In 1975, it opened as The Cabbage Patch Inn, and in 1978 Sandra McCutchan purchased it and began expanding its services and building the restaurant’s reputation. At that time, her Aunt Joan was upstairs baking goodies for her niece’s establishment (like raspberry cream pie) nearly every day of the week.
Sandra became known for specializing in “comfort” homemade favorites served in a cozy setting like the Garden Room she created from what was once the back porch.
The building survived a collection of ghosts and a fire that very nearly destroyed it, but Sandra rebuilt and reopened the Cabbage Patch Restaurant (CabbagePatchRestaurant.com), much to the delight of both locals and visitors to this friendly community known for its restored historic residences.
"Independence Inn (Matt Albert House)" (SNOHOMISH, WA • PAINTED JUNE 2008 ACRYLIC ON CANVAS 8X10-INCH)
This pretty two-story Dutch Colonial-style home was built in 1900 on 304 Avenue A in the heart of the historic district in Snohomish, WA, just a short drive north of Seattle.
Snohomish has always been a huge favorite with visitors as it is filled with charming B&Bs, cafes, restored vintage homes of nearly every architectural style ~ and best of all, a great collection of antique shops. When I visited the community for the first time in the mid-1980s, this residence was featured on their Tour of Historic Snohomish Homes.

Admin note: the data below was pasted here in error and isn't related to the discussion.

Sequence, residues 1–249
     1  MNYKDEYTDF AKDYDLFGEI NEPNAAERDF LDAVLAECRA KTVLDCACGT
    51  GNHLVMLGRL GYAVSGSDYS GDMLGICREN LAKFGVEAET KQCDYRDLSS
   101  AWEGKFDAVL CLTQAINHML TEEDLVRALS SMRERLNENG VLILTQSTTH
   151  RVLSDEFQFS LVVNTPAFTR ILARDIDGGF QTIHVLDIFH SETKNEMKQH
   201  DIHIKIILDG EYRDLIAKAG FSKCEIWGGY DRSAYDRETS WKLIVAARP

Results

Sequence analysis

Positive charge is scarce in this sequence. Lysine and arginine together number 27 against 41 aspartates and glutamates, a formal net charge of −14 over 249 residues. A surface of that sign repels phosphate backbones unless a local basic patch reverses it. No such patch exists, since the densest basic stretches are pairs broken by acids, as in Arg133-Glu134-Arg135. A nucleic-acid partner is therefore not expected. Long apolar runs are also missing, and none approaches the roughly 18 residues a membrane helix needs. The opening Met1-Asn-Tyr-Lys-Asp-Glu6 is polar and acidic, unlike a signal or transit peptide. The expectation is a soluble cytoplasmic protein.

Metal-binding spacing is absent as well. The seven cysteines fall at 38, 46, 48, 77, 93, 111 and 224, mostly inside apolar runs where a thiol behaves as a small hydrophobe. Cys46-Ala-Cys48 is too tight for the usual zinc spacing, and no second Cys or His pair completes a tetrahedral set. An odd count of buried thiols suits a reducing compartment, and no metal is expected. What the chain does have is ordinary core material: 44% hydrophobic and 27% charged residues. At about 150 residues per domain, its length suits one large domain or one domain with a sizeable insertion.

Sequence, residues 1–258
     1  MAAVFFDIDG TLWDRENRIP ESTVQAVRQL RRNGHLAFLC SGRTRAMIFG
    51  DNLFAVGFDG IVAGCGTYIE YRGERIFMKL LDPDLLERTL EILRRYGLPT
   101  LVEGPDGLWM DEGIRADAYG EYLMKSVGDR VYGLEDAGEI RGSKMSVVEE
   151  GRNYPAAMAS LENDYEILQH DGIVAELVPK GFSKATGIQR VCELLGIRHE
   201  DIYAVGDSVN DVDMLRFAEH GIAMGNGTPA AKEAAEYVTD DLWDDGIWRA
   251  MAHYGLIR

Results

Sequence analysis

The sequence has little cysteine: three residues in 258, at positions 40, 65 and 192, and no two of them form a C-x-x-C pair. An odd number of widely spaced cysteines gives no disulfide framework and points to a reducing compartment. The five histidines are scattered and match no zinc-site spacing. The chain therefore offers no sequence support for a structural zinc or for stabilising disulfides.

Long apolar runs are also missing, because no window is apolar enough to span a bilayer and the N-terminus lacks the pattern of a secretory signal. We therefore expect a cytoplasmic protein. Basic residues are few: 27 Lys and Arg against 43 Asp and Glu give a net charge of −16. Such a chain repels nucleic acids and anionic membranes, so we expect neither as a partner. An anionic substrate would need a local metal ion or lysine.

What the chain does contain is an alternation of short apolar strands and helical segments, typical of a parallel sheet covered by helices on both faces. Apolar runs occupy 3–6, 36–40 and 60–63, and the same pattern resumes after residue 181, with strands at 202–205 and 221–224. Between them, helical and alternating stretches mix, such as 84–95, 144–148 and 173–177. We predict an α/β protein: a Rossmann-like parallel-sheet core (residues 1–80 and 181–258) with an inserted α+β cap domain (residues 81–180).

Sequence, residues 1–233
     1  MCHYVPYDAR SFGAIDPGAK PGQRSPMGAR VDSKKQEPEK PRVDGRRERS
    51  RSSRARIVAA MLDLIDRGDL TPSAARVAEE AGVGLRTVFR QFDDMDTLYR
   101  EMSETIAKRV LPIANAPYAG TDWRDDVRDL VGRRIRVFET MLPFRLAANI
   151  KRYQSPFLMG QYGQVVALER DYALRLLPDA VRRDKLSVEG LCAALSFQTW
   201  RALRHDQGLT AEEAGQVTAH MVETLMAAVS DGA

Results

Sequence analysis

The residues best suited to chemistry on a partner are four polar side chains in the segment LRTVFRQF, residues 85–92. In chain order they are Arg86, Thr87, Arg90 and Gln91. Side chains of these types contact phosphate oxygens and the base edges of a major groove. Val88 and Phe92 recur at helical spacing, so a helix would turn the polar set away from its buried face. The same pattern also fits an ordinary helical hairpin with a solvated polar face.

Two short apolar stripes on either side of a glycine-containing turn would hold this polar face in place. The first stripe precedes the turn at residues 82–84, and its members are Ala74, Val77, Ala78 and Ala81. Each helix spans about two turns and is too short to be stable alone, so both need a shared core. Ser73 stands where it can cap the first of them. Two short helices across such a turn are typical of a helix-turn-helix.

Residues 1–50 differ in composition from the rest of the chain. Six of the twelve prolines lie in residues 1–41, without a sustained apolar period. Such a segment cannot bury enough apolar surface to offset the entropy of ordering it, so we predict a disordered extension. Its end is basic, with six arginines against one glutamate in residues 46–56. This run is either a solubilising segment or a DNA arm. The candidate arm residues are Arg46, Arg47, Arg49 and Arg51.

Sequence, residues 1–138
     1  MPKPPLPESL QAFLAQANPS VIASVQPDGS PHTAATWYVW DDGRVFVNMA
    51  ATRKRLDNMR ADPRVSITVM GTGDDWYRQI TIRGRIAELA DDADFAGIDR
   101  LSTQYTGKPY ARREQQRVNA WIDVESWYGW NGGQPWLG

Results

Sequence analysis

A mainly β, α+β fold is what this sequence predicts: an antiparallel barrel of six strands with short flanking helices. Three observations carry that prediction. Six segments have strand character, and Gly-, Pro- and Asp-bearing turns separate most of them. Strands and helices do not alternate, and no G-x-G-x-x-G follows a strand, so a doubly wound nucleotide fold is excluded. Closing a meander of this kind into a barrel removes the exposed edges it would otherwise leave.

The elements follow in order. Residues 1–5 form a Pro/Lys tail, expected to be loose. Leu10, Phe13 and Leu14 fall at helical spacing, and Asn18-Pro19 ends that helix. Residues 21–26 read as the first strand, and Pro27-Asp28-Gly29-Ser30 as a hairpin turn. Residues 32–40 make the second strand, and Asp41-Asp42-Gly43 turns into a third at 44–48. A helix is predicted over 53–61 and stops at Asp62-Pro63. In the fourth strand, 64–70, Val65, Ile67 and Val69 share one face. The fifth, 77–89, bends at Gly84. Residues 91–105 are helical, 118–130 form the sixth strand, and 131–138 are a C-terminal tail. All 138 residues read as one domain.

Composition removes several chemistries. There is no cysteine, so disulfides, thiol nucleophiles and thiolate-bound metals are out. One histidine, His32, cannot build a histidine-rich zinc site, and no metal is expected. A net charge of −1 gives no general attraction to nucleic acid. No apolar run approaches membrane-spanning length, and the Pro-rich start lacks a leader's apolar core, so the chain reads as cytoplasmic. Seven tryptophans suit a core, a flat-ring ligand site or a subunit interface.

I created the fictional name “Independence Inn” for this patriotic flag-filled piece. In 2012, when I became involved with the Snohomish Historical Society researching history for my first Snohomish calendar, I met the property owners and learned that the suite over the garage was actually set up to accommodate overnight guests, so the B&B theme was actually the truth!
This festive 4th of July picnic scene pictured our son Matt, his wife Heidi and me watching Grandpa Doug (GW as he was nicknamed) playfully toss our granddaughter Addison Lee into the air.
"The Gardens at Mrs. Goff's" (SNOHOMISH, WA • PAINTED SEPTEMBER 2012 ACRYLIC ON CANVAS 8X10-INCH)
This pretty place was built by the Harris S. Hansens around 1890 on a lot once owned by E.C. Ferguson. The center of it started as a one-bedroom cottage. The Hansens had seven children, so quickly outgrew the little house.
In 1900, Charles (lumber industry) and Lydia Goff (piano teacher) purchased it and three city lots. After losing Charles and daughter Marguerite to tuberculosis, the widow Mrs. Goff remained here teaching piano to Snohomish students until her death in 1949. Many of the older residents recalled taking lessons from her. When she died, Mrs. Goff deeded her home to lifelong friend, Beatrice Fetzer of Multnomah County, Oregon for $1.50.
After several owners and renters, in January 2009, Gary and Ardie McLean purchased it and began an ambitious restoration, creating a “jewel” surrounded by charming gardens. This piece combined “old” and “new,” picturing youngsters arriving for music lessons, while the McLeans transplanted flowers.